Quick, somebody bring the WD-40 to loosen my tongue

RECENTLY, the word at the tip of my tongue has become rather elusive.

Most recently, it happened during my commute. My walk from the subway station to work takes me through part of Manhattan's garment district (or "fashion district," as it's now called). I pass tons of millineries, shoe repair shops and fabric stores with signs in the window reading "AL POR MAYOR."

For the first two months I thought there was some guy named Al who perennially ran for mayor and lost. Now I know that "AL POR MAYOR" means "wholesale" or "bulk buyers," which is more rational but less charming.

But that's not the example. Every morning, I see workers pulling wheeled wardrobes up and down the street. This is the sort of sight that directors use in a montage, a visual shorthand for "Manhattan" or possibly "The Garment, er, Fashion District." It took weeks for me to remember a word I wanted to use to describe those wardrobes: "skid," a noun referring to a certain type of loading pallet.

This sort of thing happens to me more often, I've noticed over the past few years. Is this because my diction is getting worse or better? Will I come down with the paralysis of perfectionism, where the well will seem dry because the water it holds is slightly impure?

I'm in no danger of becoming easy to understand. I still use far too many two-dollar words in conversation (and writing!) where 10-cent words would do. A few weekends ago I found myself cheerfully explaining what "syncretic" and "facile" mean, over the roar of the moving subway car, to a guy with a doctorate.

To save you the Google trip: Something that is syncretic has drawn from many sources and has combined different elements from them. A facile solution or answer is too easy and superficial, not giving the problem the thought it deserves.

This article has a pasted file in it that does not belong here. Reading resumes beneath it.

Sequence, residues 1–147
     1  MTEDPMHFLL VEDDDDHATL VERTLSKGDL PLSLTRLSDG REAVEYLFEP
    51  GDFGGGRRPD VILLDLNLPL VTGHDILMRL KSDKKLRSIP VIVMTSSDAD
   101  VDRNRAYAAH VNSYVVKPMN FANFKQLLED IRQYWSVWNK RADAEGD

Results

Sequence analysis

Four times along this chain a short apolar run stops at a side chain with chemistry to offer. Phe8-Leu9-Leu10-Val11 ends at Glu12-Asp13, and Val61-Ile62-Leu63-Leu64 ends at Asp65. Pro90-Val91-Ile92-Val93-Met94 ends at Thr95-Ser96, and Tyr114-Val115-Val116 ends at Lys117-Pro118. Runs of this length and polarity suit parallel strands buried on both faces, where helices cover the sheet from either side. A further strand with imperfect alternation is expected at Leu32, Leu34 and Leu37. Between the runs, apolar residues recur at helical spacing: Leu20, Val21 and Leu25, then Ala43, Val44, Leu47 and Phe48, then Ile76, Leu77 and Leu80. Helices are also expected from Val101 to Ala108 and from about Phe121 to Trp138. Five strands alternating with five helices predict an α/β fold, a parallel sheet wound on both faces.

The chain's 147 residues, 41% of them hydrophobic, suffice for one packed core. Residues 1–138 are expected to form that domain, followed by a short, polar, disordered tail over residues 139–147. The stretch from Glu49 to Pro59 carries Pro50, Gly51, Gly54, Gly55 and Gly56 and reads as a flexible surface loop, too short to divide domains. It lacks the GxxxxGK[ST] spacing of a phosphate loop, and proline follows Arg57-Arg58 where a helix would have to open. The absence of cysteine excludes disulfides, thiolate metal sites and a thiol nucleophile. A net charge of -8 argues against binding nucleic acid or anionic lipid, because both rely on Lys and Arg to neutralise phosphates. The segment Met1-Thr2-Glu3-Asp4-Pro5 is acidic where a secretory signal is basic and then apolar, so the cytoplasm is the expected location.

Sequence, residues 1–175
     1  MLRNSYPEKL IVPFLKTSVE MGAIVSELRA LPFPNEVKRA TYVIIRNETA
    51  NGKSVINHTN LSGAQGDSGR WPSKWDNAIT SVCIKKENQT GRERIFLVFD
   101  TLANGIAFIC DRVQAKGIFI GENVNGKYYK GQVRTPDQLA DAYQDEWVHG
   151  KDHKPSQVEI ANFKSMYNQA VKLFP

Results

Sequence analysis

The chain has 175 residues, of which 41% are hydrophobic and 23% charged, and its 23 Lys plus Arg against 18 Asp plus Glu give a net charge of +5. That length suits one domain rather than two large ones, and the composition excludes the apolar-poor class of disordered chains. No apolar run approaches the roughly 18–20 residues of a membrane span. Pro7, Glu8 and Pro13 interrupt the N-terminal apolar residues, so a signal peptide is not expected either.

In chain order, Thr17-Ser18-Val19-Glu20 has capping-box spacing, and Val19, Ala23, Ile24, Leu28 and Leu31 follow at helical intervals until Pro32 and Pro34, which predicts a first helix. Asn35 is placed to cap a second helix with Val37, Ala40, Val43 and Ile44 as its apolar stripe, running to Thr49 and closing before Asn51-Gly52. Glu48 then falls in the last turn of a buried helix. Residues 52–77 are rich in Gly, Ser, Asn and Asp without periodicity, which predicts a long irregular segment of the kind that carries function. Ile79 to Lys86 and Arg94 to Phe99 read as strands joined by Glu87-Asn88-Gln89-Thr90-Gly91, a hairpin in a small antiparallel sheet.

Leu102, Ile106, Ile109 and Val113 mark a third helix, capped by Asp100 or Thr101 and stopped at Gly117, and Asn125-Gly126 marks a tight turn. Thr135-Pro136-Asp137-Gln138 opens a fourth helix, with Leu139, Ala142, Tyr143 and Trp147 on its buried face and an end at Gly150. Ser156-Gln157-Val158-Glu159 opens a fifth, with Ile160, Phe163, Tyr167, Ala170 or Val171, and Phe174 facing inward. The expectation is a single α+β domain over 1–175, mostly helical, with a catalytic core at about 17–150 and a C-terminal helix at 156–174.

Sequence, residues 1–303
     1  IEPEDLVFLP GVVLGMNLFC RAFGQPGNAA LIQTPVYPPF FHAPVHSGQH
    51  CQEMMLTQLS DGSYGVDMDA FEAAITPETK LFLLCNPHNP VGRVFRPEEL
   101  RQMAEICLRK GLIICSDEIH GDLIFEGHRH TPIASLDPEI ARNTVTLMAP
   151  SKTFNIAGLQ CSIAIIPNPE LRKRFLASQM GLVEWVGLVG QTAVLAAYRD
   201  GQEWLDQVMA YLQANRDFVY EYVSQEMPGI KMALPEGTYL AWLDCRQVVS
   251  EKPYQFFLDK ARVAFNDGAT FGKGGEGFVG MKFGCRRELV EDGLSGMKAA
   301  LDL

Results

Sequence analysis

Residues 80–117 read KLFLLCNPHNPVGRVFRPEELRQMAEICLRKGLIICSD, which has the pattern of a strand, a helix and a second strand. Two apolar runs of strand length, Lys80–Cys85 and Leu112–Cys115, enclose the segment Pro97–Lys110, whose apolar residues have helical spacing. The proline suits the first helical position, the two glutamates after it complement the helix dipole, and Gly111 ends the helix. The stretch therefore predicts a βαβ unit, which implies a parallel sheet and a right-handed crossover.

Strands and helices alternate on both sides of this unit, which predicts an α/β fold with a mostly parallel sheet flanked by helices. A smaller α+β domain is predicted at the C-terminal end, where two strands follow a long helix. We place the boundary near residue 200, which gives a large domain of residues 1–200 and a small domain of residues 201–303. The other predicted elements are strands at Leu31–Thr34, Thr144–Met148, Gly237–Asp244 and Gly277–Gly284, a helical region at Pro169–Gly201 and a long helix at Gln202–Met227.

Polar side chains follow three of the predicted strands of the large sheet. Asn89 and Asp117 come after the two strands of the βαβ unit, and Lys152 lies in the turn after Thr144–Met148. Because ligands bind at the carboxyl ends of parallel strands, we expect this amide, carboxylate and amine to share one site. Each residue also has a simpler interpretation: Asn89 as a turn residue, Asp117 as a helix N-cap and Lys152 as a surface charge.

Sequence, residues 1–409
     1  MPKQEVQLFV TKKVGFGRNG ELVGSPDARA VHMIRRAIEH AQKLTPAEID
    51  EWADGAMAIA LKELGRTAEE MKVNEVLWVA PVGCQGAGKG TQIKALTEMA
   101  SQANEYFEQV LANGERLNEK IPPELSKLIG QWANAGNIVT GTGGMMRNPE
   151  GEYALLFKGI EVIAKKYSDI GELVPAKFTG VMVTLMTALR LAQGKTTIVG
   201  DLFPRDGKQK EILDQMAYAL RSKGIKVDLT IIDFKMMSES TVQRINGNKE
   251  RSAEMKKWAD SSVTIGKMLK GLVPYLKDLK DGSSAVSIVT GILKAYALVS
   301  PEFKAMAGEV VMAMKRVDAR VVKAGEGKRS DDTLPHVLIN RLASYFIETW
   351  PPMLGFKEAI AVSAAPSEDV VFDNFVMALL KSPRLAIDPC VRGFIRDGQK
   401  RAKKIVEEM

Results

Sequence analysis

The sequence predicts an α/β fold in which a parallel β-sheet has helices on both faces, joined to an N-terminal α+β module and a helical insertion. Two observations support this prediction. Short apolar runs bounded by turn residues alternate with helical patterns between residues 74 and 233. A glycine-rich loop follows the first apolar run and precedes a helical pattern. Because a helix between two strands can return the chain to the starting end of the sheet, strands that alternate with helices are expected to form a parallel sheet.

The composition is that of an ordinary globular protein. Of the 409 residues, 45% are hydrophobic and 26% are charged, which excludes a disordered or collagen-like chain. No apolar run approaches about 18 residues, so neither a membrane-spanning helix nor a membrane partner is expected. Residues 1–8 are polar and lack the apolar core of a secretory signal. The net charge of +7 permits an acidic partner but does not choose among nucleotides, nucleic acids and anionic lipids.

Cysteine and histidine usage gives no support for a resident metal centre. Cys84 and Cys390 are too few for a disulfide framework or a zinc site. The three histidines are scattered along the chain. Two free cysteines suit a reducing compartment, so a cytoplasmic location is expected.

I love big words. I'd be happy in the Dictionopolis bazaar in Norton Juster's classic children's novel "The Phantom Tollbooth." The hawkers would tell me that Xs and Zs taste dusty, while Is are refreshingly icy. I imagine "syncretic" would taste like a tube of assorted jelly candies and look like an octopus with a patchwork quilt for skin. "Facile" would smell like cheap perfume and wouldn't quite taste like anything, but after I ate it I'd feel a sour nausea in my stomach, like a Wednesday morning half-hangover.

But word porn isn't the only appeal. An English teacher of mine, explaining that a bigger vocabulary gives you more expressive power, commented that knowing the word "pilot" means that you don't have to say "the person who drives the plane." Names are like handles for ideas; they make it easier to deploy your thoughts. I have been known to read dictionaries for pleasure, but there's a surge of power, too, that shows up when I use the words I've learned.

The most powerful word I've learned in the past decade is probably "satisfice." Researcher Herb Simon coined this word, a combination of "satisfy" and "suffice," to describe a common decision-making method: instead of evaluating all possible options, we take the first adequate one. We often don't have the time or resources to find the optimal solution, so we quickly satisfice instead. I've taken to reminding myself to satisfice when ordering in restaurants. If I hadn't learned the word, I might not be using the concept.

Some people think in shapes or sounds; I think in words. (In fact, back when I was with my ex, red flags should have gone up when I found out he thinks in shapes and structures, not words. There was no way that relationship could work.) So I worry when the handles start to disappear.

My parents tell me that, as a kid, I once asked an uncle what "jurisprudence" meant, and he had to look it up. (It's the philosophy or study of law.) This story of rising comprehension and word power, followed by a painful decline, reminds me of Daniel Keyes's novel "Flowers For Algernon." Charlie Gordon had a meteoric rise into genius and then a sudden fall back into the weeds.

I haven't gone that fast or that far, but I still worry that I've piled too many words precariously atop each other, and that as I push that skid down the street, the ones on top will slough off onto the asphalt.

Sumana Harihareswara writes arcane prose for Bay Area Living each week. You can write to her at sumana@crummy.com.